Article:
A call for funders on 9/11: invest in Black, African, Arab, Middle Eastern, Muslim, and South Asian communities

September 9, 2021

Democracy Fund is joining funders in a pledge to raise $50 million over the next five years to support Black, African, Arab, Middle Eastern, Muslim, and South Asian (BAMEMSA) communities deeply impacted by the United States’ response to 9/11. We are proud to join in this effort together with Open Society Foundations, Ford Foundation, and The RISE Together Fund (a donor collaborative of the Proteus Fund) and encourage other funders to do the same. 

Over the past four years, we have seen a rise in dangerous rhetoric and policies targeting BAMEMSA communities, such as the Muslim, African, and asylum-seeker travel bans. There continues to be a relentless amount of money dedicated to funding Islamophobia and hate. At the same time, many leaders in BAMEMSA communities are on the frontlines fighting for an end to discriminatory policies and legislation. 

Democracy Fund has dedicated a grantmaking portfolio to BAMEMSA-led organizations as they challenge infringements to their civil rights and combat polarizing and racist narratives. As part of this work, we have supported BAMEMSA-led funding collaboratives who help build the “critical social infrastructure”* of BAMESA communities, as well as a number of BAMEMSA led organizations. These grantees include:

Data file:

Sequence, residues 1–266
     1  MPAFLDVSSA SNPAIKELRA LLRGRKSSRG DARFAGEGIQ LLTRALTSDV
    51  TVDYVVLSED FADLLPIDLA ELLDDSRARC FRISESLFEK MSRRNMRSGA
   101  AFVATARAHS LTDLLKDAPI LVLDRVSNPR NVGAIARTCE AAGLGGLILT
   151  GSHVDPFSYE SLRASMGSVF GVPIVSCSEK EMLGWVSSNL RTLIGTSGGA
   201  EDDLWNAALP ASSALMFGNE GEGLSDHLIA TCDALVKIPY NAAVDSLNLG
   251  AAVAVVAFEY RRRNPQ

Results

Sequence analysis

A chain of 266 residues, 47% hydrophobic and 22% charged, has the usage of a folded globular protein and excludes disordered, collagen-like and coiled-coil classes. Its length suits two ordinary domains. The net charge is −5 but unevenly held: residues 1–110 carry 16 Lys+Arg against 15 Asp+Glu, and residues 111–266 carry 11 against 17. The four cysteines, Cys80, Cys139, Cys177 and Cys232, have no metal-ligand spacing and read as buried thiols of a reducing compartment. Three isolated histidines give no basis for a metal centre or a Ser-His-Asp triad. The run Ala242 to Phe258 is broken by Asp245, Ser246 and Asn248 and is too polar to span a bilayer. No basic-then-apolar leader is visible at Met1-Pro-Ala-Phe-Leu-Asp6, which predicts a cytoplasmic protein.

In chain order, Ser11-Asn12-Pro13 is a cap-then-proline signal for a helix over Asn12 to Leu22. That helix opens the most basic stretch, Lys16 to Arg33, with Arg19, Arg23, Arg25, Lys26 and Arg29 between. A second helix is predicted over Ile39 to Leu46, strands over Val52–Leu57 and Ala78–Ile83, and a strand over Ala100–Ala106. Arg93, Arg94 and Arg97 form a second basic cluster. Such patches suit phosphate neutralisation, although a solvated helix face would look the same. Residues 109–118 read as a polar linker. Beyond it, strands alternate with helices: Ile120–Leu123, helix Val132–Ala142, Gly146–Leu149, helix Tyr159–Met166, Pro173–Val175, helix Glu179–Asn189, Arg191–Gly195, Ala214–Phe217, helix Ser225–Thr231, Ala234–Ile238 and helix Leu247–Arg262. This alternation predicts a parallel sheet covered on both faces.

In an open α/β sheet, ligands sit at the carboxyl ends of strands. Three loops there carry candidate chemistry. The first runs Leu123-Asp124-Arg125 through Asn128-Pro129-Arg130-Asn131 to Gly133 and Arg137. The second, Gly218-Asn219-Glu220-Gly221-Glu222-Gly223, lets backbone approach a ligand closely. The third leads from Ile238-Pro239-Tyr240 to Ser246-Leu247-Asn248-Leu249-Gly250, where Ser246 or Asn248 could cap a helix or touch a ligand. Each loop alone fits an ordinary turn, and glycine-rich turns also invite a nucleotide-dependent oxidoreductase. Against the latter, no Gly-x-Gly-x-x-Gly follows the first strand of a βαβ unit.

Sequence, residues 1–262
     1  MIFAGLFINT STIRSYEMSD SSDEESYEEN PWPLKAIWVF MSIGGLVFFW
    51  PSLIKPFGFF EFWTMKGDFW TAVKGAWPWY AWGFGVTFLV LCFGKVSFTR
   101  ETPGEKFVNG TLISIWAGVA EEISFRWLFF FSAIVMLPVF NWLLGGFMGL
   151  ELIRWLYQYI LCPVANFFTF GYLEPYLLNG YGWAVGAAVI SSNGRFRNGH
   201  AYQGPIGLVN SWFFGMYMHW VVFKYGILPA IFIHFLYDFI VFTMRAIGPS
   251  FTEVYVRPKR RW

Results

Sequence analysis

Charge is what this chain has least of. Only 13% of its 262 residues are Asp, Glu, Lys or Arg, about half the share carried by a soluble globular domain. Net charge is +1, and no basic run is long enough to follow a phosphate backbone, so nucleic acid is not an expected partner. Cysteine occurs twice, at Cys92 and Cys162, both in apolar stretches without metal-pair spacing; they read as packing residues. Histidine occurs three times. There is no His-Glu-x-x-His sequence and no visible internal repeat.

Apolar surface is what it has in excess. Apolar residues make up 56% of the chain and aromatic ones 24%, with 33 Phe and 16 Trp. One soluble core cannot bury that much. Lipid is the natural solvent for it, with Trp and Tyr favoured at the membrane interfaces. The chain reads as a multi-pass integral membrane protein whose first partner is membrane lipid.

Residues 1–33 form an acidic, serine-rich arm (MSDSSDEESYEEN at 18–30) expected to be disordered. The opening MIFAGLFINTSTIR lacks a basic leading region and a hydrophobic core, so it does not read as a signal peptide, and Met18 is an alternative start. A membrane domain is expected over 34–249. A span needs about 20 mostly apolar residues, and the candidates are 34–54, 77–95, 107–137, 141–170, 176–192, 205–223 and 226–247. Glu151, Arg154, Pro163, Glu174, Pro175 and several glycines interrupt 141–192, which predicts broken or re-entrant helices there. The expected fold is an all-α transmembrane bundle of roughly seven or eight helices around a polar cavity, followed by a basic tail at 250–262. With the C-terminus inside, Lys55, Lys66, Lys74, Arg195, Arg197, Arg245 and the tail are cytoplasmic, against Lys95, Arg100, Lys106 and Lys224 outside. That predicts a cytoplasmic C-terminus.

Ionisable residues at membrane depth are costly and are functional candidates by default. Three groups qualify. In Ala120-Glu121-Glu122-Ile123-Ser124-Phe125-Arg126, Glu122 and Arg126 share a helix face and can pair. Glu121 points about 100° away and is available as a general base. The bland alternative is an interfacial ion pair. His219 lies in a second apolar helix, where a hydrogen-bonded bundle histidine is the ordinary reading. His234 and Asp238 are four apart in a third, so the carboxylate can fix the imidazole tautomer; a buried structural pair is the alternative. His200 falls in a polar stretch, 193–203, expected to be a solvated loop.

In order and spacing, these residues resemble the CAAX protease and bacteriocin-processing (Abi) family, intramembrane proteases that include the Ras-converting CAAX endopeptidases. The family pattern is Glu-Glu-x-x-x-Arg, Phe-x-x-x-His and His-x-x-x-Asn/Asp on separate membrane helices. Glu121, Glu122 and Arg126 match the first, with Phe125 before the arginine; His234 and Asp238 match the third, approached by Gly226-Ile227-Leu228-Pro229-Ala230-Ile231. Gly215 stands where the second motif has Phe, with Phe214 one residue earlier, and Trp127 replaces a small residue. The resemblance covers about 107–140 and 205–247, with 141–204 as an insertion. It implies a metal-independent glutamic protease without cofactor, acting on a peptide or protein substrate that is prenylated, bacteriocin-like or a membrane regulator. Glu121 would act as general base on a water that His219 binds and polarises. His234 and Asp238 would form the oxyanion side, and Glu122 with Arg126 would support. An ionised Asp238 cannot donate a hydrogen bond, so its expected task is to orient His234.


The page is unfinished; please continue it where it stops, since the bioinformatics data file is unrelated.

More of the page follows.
• RISE Together Fund, the first donor collaborative dedicated to supporting BAMEMSA groups. Their support of grassroots organizations and collective advocacy efforts has contributed to decisions like the executive order rescinding the Muslim, asylum and African bans. 
  • Pillars Fund, a Muslim-led foundation, is building on a decade of funding community organizations. In 2021, they launched their Pillars Artist Fellowship to promote more complex and accurate representations of Muslims in media.
  • The Institute for Social Policy & Understanding (ISPU), which educates and trains journalists across the country to accurately cover Muslims and issues impacting them. Their work reaches millions of people in diverse outlets such as the Chicago Tribune, NPR, and the Washington Post.

We invite you to read the letter we signed and consider joining us in supporting the BAMEMSA community. The attack on civil rights, violation of norms, and unfettered hate speech we have seen over the past 20 years harms our democracy and makes our society more vulnerable to fissures and violence. Supporting BAMEMSA communities is crucial to the fight for a more open, just, and inclusive society and democracy.

BAMEMSA-led grantees of Democracy Fund’s Just and Inclusive Society Project include: 

*Brie Loskota, Executive Director of the Martin Marty Center at the University of Chicago Divinity School, uses this term to describe the organizations, practices, norms, and relationships that make up a healthy society. 

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